10. Daniel Kurtzer, A Third Lebanon War, Council on Foreign Relations, July 2010.  

Kurtzer’s Contingency Planning Memo discusses the most plausible scenarios and associated warning signs of a “Third Lebanon War,” its implications for the United States, and U.S. policy options to reduce the likelihood of renewed Israel-Hezbollah conflict and mitigate the consequences should it occur.

Post a Comment 5 Comments

  • Posted by Kevin Benson

    Micah, I am not sure this war was not another example of a failure to ask what next, much like I faced in the march up to Baghdad. Such was the reliance on air alone no one, at least as far as I’ve found, asked “what if the rockets keep coming?” There is also more than apears as you look more closely at the fighting power of the IDF infantry. It seemed from where I sat that the IDF either lost ability to or forgot how to close with and destroy a determined enemy. Hezbollah, an army that fought using guerilla tactics, did not flee when Israeli tanks arrived. They stood and fought. When a nation’s infantry cannot close the last 100 meters and kill a determined foe a country is in trouble.

  • Posted by Kevin Benson

    sorry about the spelling in my comment. Mom was correct, I should have taken typing.

  • Posted by Dr.Harold Goldmeier

    Israel recognized it’s lack of preparedness for war with Hezbollah; how she underestimated Hezbollah’s will, training, might, and arsenal; and only much later did Israel realize the disconnect between her military and political objectives. Israeli government officials fell as were many officers, because of the rather chaotic way it fought the aggression from the other side. Israel had a knee-jerk reaction to the cross border kidnappings and murders of her soldiers by terrorists wearing U.N. uniforms who furtively slinked in from Lebanon.Israel has an aversion to casualties as one of the analyses says and paid dearly for her response. I would like to point out three lessons from the war: first, U.N. Peace keepers (and Lebanese border patrol forces) merely stepped aside when the terrorists of Hezbollah went across the border; so much for international guarantees of Israel’s border security and safety. Second, Israel limpidly and without hesitation made individuals responsible for the conduct and outcomes of the war suffer the consequences. Who in Hezbollah’s administration suffered for starting the war? Even her leaders were shocked at the extent of Israel’s anger and military response, and as Sheik Nasrallha admittedly did not anticipate Israel’s powerful response. Finally, there were no winners or losers in this war. Israel wrought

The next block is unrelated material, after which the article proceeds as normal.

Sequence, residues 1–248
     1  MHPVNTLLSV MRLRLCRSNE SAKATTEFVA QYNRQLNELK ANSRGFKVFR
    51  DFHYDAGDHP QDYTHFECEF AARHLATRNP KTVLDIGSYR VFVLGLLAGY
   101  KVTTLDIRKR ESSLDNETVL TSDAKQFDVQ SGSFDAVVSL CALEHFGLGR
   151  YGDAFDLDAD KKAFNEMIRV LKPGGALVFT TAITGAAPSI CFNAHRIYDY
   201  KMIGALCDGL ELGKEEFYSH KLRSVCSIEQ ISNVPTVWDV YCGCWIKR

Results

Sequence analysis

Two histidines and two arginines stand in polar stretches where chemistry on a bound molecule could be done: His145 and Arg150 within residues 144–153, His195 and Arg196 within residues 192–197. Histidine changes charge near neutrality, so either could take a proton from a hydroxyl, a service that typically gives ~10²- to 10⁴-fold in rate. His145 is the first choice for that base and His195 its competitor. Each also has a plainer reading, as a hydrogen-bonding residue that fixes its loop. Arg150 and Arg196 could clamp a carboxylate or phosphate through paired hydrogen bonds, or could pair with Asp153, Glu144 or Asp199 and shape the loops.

devastation to southern Lebanon, and the Paris of the Middle East suffered enormous economic loss and human suffering. Israel’s losses in life and limb to her soldiers, and to civilians hurt by Hezbollah rockets targeting civilian centers was devastating. One side note. When IDF men and women went north with little preparation and fewer supplies, because of the last minute decision to go to war (they had little more time for this war than the Yom Kippur War both the result of lousy intelligence), men, women, and children, lined the roads to the north handing the soldiers, food and water, warm clothing, took letters from them to send home to their mothers and families, and more. It was a sight to behold, and people of the north still talk about it today with pride and some amazement.
    Dr. Harold Goldmeier Chicago, Ill. hgoldmeier@aol.com Dr. Goldmeier was a Chicago Public School teacher, a Research and Teaching Fellow at Harvard University earning a Doctorate in Education, and taught as an Assistant Professor at Tufts Medical School. He worked in government for three Governors, the U. S. Surgeon General, and in children and youth advocacy for nearly two decades. He recently sold his business after nearly three decades. He has been married more than forty years with children living in America and Israel, and a son who recently served with the Israel Defense Forces. He has published more than two-dozen articles in professional journals and popular magazines and newspapers.
    Dr. Goldmeier is currently a writer, consultant to government agencies, and to small businesses on economic growth and marketing. His most recent articles appeared in The Jewish Press on terrorism, and in Haaretz of Israel and he writes a guest post for LifeinIsrael.blogspot.com., Open.Salon.com., and more.

  • Posted by Nobody Home

    Israel is entitled to fight and declare WAR on terrorism and Terrorist along International community cost what it cost.

    Israel is part of International community and International community is part of Israel.

    S.P.Q.R. REMIND Israel that International community is putting Financial and military effort in order to fight Hydra (terrorism)

    Israel is now commanded from International community to open an Official war front against those nation who committed crimes against Humainity in The name of an Unexisting god called Allah.

    Tom Cruise is Better then Mohammed

  • Posted by Javed Mir

    Mr. Nobody’s derogatory remarks against Allah and the prophet Mohammed (Peace Be Upon Him) have not served any good purpose neither for the Jews nor for those who do not believe in the prophethood of Mohammed (PBUH). More than one billions Muslims all over the world, believe in Allah and the prophet Mohammed (PBUH). This sacrilege has deeply hurt the religious sensitivities of the muslims.

    Surprisingly that kind of remarks have been allowed to appear on the website of Foreign Affairs which has international readership.

    However we expect that Palestinian dispute is settled equitably. The Obama
    administration is already working in that direction. Let us divert all our energies to end this war so that permanent peace is achieved in the Middle East.